California Public School Funding Overview

  • California public school districts receive funding from a variety of local, state, and federal sources. Some of the funds are earmarked for specific groups of students, including students from low-income families, English language learners, and students with disabilities. The rest of the funds are for general purposes.

    The amount of general purpose funding a school district receives per student (using average daily attendance, also known as ADA) is called its Local Control Funding Formula (LCFF). A district's total LCFF is funded through a combination of local property taxes and state taxes. Each of the nearly 1,000 school districts in California has its own LCFF calculation and different funding rates are applied to grades TK-3, grades 4-6, grades 7-8, grades 9-12.

    State and local funds are combined to make up a district's LCFF funding. A simple analogy can help illustrate this. Imagine a bucket. Each district has a different-sized bucket, representing its individualized LCFF. Revenues raised through local property taxes are dumped into the district's bucket, and if the bucket is not filled all the way, the state tops it off with state tax revenues.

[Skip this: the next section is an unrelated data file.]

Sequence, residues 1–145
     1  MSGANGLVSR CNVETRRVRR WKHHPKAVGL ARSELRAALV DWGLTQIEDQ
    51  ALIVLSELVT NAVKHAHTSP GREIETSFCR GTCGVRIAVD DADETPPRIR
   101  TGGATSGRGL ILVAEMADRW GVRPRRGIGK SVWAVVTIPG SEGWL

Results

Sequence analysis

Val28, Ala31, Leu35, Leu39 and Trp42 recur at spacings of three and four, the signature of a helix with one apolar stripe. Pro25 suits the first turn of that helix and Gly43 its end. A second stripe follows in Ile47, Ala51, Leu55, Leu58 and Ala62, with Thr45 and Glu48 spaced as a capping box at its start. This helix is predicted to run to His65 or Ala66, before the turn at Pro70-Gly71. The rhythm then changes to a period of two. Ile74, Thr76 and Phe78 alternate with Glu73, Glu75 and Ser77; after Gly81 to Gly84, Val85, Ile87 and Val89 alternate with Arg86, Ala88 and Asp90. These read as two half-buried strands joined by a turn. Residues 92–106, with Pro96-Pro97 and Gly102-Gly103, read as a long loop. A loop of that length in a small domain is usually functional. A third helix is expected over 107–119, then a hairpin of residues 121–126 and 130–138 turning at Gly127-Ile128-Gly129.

If the bucket is completely filled by local property tax revenues, the state has no need to top off the bucket. If the bucket overflows with local property taxes, the district gets to keep the overage. Districts whose buckets are filled by local property taxes are called Basic Aid or "excess revenue" districts.

    Saratoga Union School District is considered a Basic Aid district.

Basic Aid District Funding

  • The California Constitution guarantees that each school district will receive a minimum amount of state aid, called “basic aid” equal to $120 per ADA or $2,400 per district, whichever is greater. Per a change in state law effective 2003-2004, state categorical aid is counted first toward meeting the minimum allocation of basic aid (ref. Education Code Section 41975). These are the only state funds a Basic Aid District receives under LCFF.

    Basic Aid districts used to receive some money for state categorical programs such as instructional materials, economic impact aid, and library materials, but those funds disappeared with the state budget cuts and implementation of LCFF in the 2013-2014 fiscal year. During the last economic recession, Basic Aid districts were required to give up their “fair share”, which resulted in a reduction of state funds for SUSD of 8.92% or $1,281,416 each year.

    Approximately 80 of the 1,000 school districts in the state of California have local property tax revenues which, given their enrollment levels, result in dollars per Average Daily Attendance (ADA) that exceed their LCFF calculation. These districts under current state law are allowed to keep all of their property tax revenue. This results in an extremely high degree of dependence on local property taxes. The $120 ADA guarantee is the only general fund dollars that Basic Aid districts receive from the state.